[The Episcopal News] For Joie Zhang, 18, advocating for such global issues as climate change as a member of the presiding bishop’s delegation for the United Nations Committee on the Status of Women is both personal and pressing.
“I still remember vividly the eerie sounds of the 2011 Santa Ana winds, in which ferocious gales reached a record-breaking 167 miles per hour and eliminated electricity in my community for more than a week,” she said in a recent email to The Episcopal News.
“I was only 7 years old then, but in the short decade since, the scale and severity of natural disasters has escalated exponentially around our globe,” added Zhang, a senior at Harvard Westlake High School in Los Angeles and a member of the Church of Our Saviour in San Gabriel’s Chinese Ministry.
“As part of Gen Z, I realize that it is up to my generation to spearhead advocacy for innovative solutions through our climate crisis,” she said. “I distinctly remember the sense of vulnerability my mother and I shared during December 2011 because my father was away on an international business trip when the natural disaster struck.”
Along with opportunities to write and share about their experiences, delegates from across The Episcopal Church will observe official plenary sessions and be invited to attend side and parallel events during the 66th annual meeting, held virtually March 14 – 25. Typically, the gathering draws thousands to the United Nations headquarters in New York, but is offered in a hybrid format this year because of the pandemic.
“Episcopalians of all genders and in all regions report their experiences with intensifying impacts of climate change and related disasters, including droughts, desertification, floods, sea level rise, wildfires and heat waves, as well as biodiversity loss and pollution, Presiding Bishop Michael Curry said in a written statement submitted in October 2021 to the UNCSW.
He also noted the disproportionate impact climate change has upon the quality of life of marginalized communities. He urged the UN and member states and civil society to address the climate emergency and seek protections for women and girls marginalized by environmental racism, and to accelerate women’s and girls’ gender equality and eradicate violence against women.
“Our Christian values explain The Episcopal Church’s affirmation of United Nations international conventions, agreements and declarations calling for just and equal treatment of women and girls, protection of creation, climate and environment, poverty eradication and sustainable development,” Curry writes. “Episcopalians support women and girls, and creation care, through their mission, programs, legislation, policies and advocacy by individuals, congregations, dioceses, schools, seminaries, agencies, and networks.”
This year’s priority theme – “Achieving gender equality and the empowerment of all women and girls in the context of climate change, environmental and disaster risk reduction policies and programs” – offers opportunity for “a cross-cutting, intersectional examination through a gender lens of some of the world’s most critical concerns,” said Lynnaia Main, the Episcopal Church representative to the United Nations.
“We have found several Episcopal communities working on specific aspects, such as gender equality, creation care, climate action, sustainable development, and humanitarian assistance,” she said. “We hope to till new ground for digging into intersectional dialogue as we gather Episcopalians who may not have considered this theme before. We are all learning together.”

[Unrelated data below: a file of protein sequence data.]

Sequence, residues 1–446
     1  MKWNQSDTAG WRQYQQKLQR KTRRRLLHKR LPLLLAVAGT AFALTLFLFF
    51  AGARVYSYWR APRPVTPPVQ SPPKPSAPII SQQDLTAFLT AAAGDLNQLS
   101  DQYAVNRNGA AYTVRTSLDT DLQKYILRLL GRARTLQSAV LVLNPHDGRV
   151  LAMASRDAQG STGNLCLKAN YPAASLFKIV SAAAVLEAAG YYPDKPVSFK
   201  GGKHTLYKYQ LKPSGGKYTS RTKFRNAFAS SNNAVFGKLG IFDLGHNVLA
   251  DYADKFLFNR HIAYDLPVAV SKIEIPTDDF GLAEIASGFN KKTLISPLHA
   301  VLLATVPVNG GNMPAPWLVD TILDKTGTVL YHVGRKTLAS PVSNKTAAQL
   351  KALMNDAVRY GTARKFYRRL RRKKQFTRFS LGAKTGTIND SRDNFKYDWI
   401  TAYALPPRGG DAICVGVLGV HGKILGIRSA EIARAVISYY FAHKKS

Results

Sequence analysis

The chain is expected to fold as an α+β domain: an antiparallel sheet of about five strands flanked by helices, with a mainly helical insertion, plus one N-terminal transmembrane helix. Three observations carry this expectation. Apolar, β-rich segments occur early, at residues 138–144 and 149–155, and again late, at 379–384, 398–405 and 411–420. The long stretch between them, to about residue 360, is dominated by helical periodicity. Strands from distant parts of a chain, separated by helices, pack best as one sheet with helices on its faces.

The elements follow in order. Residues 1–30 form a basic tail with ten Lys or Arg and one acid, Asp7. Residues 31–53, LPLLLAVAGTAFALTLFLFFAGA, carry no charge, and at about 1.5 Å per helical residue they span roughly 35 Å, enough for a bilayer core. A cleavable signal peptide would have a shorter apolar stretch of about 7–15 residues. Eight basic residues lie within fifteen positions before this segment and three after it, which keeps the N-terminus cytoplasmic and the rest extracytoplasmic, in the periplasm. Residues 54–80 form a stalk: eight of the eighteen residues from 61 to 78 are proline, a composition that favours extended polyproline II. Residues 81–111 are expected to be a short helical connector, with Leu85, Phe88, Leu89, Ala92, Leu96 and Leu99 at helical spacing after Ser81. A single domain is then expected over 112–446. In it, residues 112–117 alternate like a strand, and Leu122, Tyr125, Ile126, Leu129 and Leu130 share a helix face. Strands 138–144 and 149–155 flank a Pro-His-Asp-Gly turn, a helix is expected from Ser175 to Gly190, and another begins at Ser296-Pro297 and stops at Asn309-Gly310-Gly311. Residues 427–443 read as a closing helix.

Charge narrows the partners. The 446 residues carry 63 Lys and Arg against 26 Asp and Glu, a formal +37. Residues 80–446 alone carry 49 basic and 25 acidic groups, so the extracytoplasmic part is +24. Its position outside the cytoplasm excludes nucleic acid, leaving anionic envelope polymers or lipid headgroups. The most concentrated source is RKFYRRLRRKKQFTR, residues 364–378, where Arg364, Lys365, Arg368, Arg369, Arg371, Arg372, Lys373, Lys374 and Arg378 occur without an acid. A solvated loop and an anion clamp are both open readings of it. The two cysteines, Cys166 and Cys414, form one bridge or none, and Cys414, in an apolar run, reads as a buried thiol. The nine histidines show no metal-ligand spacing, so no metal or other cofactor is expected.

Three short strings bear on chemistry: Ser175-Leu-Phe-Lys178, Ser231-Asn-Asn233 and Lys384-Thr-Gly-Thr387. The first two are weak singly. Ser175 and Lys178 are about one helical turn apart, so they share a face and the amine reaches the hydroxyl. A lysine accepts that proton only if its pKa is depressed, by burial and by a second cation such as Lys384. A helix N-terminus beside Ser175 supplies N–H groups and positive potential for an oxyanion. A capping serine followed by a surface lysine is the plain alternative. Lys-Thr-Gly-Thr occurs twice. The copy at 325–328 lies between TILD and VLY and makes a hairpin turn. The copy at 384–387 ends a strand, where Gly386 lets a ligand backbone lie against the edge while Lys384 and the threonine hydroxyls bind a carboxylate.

Each delegate has participated in preparatory conference calls and is expected to complete evaluations, reports and follow-up actions in their diocese and province.
The Rev. Thomas Ni, Church of Our Saviour associate for Chinese ministry, said he suggested Zhang apply for the delegation because of her outstanding skills in debate and her faithful volunteerism, especially aiding with English as Second Language classes.
“She is a very good speaker. She has won several championships in national debate,” he recalled. “When I saw the email about the presiding bishop’s delegation to the UNCSW, I talked to her mom and she was very interested, as was Joie.”
He said Zhang has participated in the ministry since she was about 7 years old and, “I thought it would be good for her, as well as for our Episcopal Church, because she is young and such a good speaker.”
Zhang said she expects to report back to classmates as well as the church community about the experience.
“I was very thrilled to learn that I had been selected,” with the support of both Ni and Bishop John Harvey Taylor, she said. “I feel honored and humbled to represent the Diocese of Los Angeles and Province VIII at the UNCSW.”
“Through my time as a UNCSW delegate, I hope to join this intergenerational conversation to share my personal experiences and to broaden my knowledge about how environmental disasters affect and interact with preexisting societal inequities. I look forward to sharing this knowledge with my community, to inspire my peers – especially other young girls – to find their voices in activism.”
All are invited to follow The Episcopal Church delegation’s presence and work via the Episcopal UNCSW website and on social media. This includes a special invitation to join the presiding bishop’s delegation and wider interfaith community in daily praying the Beijing Noonday Prayer. Co-written by Episcopalians and other faith partners, this tradition began during the Fourth World Conference on Women in 1995.
— Episcopal News Service contributed to this report.